Watching your back online for cyber-criminals tracking your movements might be a smart move, as targeted attacks on online privacy shot up by 42 per cent this year, according to a new study from Symantec Corp.
Drafted using data from about 69 million attack sensors in more than 157 countries, Symantec’s report outlined threats to online security in 2012 by tracking vulnerability databases, spam, phishing, and malware.
The report indicated 50 per cent of mobile malware created in 2012 was designed to steal information or track mobile users’ movements. Cyber-criminals typically try to learn Internet users’ banking information, phone numbers and emails of users’ contacts, and research websites that users frequently visit. At some point, cyber-criminals may even try to commit identity theft.
Some of the malware also pulls data from our devices, with some of them able to log keystrokes and take control of a computer’s camera, microphone and screen views. Symantec estimates that worldwide, the average number of targeted attacks is at 116 per day.
In 2012, the most sought-after targets tended to be knowledge workers and employees working in research and development. They came in at 27 per cent of targeted attacks, while people working in sales were at 24 per cent. Many of them were attacked by hackers using email attachments in messages that impersonated European Union officials, or that pretended to be from security agencies or government departments in the U.S.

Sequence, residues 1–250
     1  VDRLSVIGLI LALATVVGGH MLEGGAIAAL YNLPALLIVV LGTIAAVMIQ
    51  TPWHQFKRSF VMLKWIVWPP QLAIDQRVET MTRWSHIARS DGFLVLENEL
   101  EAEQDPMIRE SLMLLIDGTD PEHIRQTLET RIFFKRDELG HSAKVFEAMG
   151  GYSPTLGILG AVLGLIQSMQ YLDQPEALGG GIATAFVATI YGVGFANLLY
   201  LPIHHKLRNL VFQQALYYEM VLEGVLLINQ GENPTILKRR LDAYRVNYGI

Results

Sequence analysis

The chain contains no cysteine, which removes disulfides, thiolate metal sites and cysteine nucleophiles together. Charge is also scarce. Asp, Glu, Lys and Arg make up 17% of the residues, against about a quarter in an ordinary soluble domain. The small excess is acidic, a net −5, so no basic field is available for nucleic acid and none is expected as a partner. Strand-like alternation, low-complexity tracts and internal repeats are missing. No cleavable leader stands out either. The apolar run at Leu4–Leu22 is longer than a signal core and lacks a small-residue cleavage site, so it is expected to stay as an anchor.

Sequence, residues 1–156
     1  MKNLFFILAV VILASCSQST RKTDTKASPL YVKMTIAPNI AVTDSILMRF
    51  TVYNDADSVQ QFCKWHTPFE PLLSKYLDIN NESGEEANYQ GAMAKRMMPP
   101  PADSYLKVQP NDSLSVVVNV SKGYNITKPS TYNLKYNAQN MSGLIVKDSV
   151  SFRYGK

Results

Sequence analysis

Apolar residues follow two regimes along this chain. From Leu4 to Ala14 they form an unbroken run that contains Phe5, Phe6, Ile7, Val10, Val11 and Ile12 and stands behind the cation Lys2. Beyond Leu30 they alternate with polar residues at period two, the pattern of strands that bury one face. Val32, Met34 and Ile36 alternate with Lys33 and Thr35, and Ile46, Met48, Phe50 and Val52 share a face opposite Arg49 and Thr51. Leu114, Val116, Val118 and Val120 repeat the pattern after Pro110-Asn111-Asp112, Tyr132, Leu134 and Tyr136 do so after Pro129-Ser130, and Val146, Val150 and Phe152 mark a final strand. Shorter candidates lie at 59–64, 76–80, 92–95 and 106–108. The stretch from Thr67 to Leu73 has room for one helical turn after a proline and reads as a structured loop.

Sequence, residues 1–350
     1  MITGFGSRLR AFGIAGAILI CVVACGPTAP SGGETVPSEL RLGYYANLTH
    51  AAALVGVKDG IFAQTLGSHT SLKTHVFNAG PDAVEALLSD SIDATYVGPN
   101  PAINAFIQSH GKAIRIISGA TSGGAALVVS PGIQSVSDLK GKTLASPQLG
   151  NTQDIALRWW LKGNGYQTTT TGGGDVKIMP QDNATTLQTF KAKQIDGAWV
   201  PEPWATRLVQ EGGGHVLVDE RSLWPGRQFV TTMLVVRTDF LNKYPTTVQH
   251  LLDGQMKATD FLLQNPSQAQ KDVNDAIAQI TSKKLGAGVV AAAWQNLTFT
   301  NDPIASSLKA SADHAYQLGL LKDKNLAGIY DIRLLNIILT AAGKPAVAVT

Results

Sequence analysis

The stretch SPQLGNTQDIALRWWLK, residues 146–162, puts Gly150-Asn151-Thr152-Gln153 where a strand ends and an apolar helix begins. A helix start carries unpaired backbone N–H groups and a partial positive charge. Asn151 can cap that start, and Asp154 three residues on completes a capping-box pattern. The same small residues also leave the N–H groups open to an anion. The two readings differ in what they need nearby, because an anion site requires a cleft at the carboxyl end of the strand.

Some hackers also compromised real Web sites by adding a line of code to a site found to be vulnerable, and then sending the user to a separate site that would infect his or her computer.
The industry most likely to be attacked in 2012 was manufacturing at 24 per cent, although the year before governments were the most common victim of targeted attacks. Symantec indicated that may be because hackers are increasingly going after SMBs rather than governments, and many SMBs operate in the manufacturing space.
SMBs figured highly on hackers’ hit list. Out of all targeted attacks, 31 per cent were aimed at SMBs with 250 employees or fewer. Yet in 2011, only 18 per cent of targeted attacks were directed towards SMBs.
To protect your SMB from falling prey to a hacker, Symantec has a few recommendations:
1. Even if you’re part of a small firm or company, that doesn’t mean hackers are not interested in using your business to attack others. A major part of defending your company involves going on the defensive and always preparing for a possible attack, Symantec said in its report.
2. Your SMB should use several overlapping and mutually supportive defensive systems, making sure there are no holes in protecting the network’s data. Some ideas include using regularly updated firewalls, gateway antivirus, intrusion detection, intrusion protection systems, and Web security gateway solutions.
3. Employees should be trained to recognize ways they might accidentally lose data, and should be taught methods of protecting it.
4. SMBs should install data loss protection software, and it should also encrypt all of its data.